I grew up in the home of a Christ follower and an agnostic, so my relationship with faith has been interesting to say the least. I have a very agnostic way of approaching life, but I also have decided to follow Christ. That may seem contradictory to you Christian readers, but let me clarify what I mean.
Living without certainty can be liberating when you're talking about not relying on earthly things to fulfill my eternal desires. Do I always succeed? No, but I do understand that not everything in life is certain, and that God's specific plan for us isn't always clear. Just because we don't know what details of our lives will be like doesn't mean we automatically have to dismiss the thought of truly knowing who God is, nor of knowing Him like a friend. That's not to say our understanding is perfect. We are, after all, human, limited. Limitation, though, is not the end of faith, but the beginning.
I've said this before: The decision to believe ends where living in faith begins. You make a choice, then you live it out; that's how it works, and it cannot be circumvented. I don't really know why I try to do so, but I do.
I knew this atheist once. He asked me a lot of questions, challenged my beliefs on things. I'd never encountered that much... adversity before then. I'd never really had the reason I believe what I believe challenged like that before, and it hurt quite a bit. You know that scripture from the letter to the Romans, in which Paul says, "I am not ashamed of the Gospel of Christ"? Well, it wasn't really that I was ashamed of it, but I was ashamed that I didn't have better answers for the guy. I'd like to be able to have a deeper conversation with a person than what I had, but I was unprepared, and I was embarrassed for that reason.
I tell this story to say that eventually you will have your belief system challenged -- and yes, you do have a belief system even if you don't think you do, because you live your life a certain way and according to a certain code, and you value certain things and therefore treat them a certain way... and you don't quite value your faith until you've been through the wood chipper. You don't really know what it's made of, or rather, what you are made of, unless you've had what you believe picked apart by someone.
I dare say you don't even know that you truly believe it until someone else tries to take it apart. Afterward, because of my lack of answers, I began to doubt whether or not I believed what I said, if I practiced what I preached. Over time, the reality of my angosto-Christian state really began to set in. Did that mean I was agnostic? No. Did that make me not a Christian? Uh, no! It simply meant my faith hadn't grown past my doubts, and believe me when I tell you that I had many.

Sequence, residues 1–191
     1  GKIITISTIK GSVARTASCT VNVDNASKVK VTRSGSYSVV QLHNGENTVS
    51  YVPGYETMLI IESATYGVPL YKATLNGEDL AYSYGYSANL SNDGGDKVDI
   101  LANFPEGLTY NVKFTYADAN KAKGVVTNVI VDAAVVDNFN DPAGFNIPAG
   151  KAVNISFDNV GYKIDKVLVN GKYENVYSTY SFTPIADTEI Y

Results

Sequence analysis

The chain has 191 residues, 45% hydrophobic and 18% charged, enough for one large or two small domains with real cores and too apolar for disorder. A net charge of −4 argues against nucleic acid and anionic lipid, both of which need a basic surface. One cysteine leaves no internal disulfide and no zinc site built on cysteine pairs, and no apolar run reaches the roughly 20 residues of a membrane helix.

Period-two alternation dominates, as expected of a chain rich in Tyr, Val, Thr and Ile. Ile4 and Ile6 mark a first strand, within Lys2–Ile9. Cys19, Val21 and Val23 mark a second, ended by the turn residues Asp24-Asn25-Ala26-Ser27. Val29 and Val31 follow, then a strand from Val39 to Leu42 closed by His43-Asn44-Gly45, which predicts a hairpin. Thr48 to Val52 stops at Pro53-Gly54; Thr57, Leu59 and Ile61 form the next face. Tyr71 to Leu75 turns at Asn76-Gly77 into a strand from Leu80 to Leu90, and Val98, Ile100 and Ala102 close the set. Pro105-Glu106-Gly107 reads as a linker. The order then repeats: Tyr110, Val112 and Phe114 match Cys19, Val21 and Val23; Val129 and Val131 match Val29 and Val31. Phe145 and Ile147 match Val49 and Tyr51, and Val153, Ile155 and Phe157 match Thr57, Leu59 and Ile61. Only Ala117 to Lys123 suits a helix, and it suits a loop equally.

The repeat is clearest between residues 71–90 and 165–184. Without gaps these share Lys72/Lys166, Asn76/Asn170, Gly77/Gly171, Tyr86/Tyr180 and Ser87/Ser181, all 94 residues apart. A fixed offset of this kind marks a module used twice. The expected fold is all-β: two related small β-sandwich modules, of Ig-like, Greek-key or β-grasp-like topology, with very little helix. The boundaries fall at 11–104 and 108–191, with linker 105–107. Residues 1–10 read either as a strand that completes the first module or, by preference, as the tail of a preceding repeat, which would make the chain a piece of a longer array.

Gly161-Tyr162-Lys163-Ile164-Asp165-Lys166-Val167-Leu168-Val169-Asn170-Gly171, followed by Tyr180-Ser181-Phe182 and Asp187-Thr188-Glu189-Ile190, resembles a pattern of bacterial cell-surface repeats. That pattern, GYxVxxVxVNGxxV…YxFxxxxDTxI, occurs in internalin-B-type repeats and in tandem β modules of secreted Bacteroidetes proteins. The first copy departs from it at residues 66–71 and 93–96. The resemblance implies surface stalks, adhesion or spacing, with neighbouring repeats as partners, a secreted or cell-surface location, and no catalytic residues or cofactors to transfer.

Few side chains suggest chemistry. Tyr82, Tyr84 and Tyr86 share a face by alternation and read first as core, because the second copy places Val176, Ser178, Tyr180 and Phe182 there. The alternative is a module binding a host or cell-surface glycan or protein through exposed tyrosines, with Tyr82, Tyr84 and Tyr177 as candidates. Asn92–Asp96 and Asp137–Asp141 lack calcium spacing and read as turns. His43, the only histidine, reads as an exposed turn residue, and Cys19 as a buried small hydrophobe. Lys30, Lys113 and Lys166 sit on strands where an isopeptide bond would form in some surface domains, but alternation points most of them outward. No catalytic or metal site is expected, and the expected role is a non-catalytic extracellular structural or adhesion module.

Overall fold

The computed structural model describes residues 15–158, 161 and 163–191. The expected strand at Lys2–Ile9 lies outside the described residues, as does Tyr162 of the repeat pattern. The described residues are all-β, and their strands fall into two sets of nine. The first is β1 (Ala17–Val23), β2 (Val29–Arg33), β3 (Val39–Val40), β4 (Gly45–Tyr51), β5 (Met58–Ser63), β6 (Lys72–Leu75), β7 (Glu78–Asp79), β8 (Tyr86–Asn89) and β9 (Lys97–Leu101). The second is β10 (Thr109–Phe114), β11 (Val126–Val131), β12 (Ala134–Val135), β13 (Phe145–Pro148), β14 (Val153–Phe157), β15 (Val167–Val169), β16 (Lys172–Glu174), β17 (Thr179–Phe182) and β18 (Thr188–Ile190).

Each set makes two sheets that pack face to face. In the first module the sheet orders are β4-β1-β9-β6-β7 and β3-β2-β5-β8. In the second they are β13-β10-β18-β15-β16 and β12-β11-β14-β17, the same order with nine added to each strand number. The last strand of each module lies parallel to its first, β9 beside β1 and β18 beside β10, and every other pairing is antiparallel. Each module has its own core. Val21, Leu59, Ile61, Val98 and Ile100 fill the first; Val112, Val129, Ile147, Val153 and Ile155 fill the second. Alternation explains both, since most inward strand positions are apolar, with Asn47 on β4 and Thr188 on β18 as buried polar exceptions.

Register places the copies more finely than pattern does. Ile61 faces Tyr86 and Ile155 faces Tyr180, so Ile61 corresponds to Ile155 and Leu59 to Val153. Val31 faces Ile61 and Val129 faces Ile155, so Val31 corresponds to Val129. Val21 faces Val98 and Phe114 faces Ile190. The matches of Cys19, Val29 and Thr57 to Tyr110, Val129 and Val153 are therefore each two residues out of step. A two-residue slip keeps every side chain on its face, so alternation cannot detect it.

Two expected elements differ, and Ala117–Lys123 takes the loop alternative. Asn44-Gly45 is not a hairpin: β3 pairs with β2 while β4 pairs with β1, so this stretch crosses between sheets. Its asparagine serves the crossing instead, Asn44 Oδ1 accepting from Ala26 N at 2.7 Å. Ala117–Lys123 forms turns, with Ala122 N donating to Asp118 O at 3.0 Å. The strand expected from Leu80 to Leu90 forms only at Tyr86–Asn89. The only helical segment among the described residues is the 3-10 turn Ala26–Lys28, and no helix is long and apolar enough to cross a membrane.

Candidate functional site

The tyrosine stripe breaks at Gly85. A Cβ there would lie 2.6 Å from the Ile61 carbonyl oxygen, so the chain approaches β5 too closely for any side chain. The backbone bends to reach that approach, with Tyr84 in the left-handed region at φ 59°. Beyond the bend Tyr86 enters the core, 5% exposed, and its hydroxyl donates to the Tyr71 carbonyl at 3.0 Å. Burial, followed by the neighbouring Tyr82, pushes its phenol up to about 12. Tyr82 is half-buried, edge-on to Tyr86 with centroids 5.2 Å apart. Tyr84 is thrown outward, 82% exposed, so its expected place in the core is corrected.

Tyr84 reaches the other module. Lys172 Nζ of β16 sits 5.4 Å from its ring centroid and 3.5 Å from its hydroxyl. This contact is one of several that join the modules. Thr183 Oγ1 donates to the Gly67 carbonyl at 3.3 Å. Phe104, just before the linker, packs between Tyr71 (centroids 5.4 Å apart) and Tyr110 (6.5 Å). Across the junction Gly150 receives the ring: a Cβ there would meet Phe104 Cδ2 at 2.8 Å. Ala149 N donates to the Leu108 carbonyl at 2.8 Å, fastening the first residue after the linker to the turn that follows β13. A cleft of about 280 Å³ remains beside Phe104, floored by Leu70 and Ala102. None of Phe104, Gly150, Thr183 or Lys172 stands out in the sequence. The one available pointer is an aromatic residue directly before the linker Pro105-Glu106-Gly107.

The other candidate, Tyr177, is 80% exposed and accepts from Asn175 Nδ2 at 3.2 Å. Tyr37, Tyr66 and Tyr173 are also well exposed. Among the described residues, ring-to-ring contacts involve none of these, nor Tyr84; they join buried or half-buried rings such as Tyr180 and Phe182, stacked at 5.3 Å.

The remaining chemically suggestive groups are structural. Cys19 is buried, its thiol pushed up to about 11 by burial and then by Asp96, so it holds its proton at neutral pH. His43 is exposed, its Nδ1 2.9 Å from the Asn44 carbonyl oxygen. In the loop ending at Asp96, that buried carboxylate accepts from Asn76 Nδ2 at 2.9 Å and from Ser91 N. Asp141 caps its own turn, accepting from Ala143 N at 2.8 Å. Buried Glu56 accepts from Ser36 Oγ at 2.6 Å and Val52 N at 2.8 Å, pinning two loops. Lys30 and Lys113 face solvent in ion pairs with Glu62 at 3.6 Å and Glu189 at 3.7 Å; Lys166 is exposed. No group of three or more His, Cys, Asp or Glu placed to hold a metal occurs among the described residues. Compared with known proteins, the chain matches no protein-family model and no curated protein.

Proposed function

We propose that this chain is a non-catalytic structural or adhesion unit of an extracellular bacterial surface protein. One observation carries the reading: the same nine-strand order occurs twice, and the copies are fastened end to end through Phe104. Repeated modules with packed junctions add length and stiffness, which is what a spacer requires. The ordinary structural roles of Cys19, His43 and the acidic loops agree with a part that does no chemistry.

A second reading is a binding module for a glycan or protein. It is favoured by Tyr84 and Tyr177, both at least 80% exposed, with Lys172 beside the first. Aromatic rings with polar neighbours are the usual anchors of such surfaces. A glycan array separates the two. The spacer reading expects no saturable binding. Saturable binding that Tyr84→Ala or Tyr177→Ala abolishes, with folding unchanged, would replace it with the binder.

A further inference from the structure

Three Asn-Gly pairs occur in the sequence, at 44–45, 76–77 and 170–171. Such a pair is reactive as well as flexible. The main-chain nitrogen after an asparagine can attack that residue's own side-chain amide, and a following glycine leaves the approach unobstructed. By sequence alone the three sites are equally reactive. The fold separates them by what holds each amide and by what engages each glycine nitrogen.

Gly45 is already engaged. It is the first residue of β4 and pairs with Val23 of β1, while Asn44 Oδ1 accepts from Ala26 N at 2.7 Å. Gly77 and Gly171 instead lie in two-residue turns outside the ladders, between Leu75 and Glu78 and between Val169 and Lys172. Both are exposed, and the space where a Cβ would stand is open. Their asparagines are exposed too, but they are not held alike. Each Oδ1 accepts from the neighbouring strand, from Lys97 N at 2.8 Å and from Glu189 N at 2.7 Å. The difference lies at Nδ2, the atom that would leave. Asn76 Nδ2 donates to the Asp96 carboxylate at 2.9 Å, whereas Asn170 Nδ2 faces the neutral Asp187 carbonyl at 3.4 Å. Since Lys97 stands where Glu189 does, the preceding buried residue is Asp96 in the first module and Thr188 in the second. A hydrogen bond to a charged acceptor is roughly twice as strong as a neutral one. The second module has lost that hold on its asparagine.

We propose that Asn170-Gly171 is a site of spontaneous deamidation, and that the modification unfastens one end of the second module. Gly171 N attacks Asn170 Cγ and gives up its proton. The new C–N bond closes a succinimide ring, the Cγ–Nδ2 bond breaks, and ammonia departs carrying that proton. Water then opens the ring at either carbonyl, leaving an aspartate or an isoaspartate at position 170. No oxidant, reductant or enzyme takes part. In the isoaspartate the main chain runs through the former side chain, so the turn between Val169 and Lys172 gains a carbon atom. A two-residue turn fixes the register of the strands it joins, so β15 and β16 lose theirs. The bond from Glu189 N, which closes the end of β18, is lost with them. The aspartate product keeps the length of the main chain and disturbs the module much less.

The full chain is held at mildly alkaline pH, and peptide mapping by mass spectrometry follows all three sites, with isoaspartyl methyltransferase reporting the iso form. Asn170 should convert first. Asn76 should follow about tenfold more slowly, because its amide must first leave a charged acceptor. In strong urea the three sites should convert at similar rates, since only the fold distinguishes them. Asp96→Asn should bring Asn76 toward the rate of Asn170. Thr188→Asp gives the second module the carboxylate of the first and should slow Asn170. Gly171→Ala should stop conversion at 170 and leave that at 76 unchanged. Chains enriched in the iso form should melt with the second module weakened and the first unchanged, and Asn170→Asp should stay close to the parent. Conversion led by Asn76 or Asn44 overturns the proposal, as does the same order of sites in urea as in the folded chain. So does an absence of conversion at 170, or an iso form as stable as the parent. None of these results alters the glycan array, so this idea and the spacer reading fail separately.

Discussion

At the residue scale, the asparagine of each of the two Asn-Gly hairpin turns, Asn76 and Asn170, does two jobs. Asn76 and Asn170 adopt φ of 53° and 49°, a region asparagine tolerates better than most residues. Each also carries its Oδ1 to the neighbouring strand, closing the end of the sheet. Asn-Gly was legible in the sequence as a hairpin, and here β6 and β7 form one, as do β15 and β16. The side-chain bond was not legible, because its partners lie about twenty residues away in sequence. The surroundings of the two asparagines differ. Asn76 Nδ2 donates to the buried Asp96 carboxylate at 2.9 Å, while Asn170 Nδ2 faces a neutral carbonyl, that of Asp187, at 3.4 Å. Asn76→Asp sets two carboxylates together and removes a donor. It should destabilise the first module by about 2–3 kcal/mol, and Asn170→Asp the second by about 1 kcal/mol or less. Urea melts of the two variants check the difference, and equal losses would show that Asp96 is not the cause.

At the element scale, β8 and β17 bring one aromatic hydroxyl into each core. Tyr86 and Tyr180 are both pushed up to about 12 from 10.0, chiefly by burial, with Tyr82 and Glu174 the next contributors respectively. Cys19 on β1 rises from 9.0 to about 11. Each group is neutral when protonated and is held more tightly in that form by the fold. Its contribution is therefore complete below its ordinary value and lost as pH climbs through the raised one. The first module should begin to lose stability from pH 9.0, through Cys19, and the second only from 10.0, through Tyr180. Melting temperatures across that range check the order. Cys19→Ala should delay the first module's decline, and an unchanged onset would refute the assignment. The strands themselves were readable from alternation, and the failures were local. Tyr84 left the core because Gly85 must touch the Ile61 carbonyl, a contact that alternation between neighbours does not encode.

When I found the congregation with which I currently associate (and this bit came before my encounter with the atheist,) I became friends with this one particular person. Well, she was more my friend than I was hers. Given how standoffish I was toward people in general, being a friend to others wasn't an active ability of mine. One day, we went to this youth conference -- Rebelution it was called. We had a break for lunch, and she started asking me how I was, and I remember responding to her with much negativity towards my life. I didn't see any light within it, but she did somehow.
Living through that story made me realise how worthless my faith had been until then. It was a name, a nice idea, a good set of ethics and stories, (and I didn't actually realise this was my condition at the time...) but I didn't really believe it until that day. It didn't really become worth it to me to trust fully in Jesus rather than to integrate a collection of stories into the back of my head. Sure, I thought I was a Christian because I believed that the stories were true... but they meant little to my heart, and until then, I didn't acknowledge them as being relevant to my heart. Once I saw the love of God lived out by my friend, toward me, then I got it. I had been seeking answers, but answers didn't change me, nor did they love me, nor did they save me. Jesus did.
That is one of the beauties of dismantling your own faith. Despite the agony of the process, you get to know yourself inside faith rather than outside it. Throughout the scriptures of the new covenant, you will find the apostles advising people and churches about working through their faith, their conscience, and settling it in their own minds, and how much their prior faith (or lack thereof) affects their new faith. They knew that the people they were called to guide in the path of a disciple would be thrown in the wood chipper, their faith being split into splinters. Certainly they, especially Paul, experienced this! Did they invent theological seminaries, though? Nah. They showed love during times of doubt and distress.
During those times, it is always helpful to have friends like that, who care enough to listen. Alone, the process can rob one of his sanity. Friends let you know you're understood, that your crisis of faith wasn't intentional but rather something that everyone goes through in the maturing of the mind, the calming of the heart. That's why I believe it was so necessary for that friend I told you about to have been there with me at the conference so that I would have someone to talk to, someone to show me things weren't as bleak as I thought, and whether she knew it or not, to show me how hollow my faith really was.
It isn't wrong to grapple with your faith. It just sucks that we must. Whether you struggle with faith on a fundamental level or just one aspect of it or not at all, you're not doing something wrong, and you're not being a hypocrite. You are experiencing life, and your faith is being tested by the world around you, to see whether or not it really holds up.
That's the awesome thing about the Gospel of Jesus: it does!
NEXT -- PART 2: THE CRY FOR HELP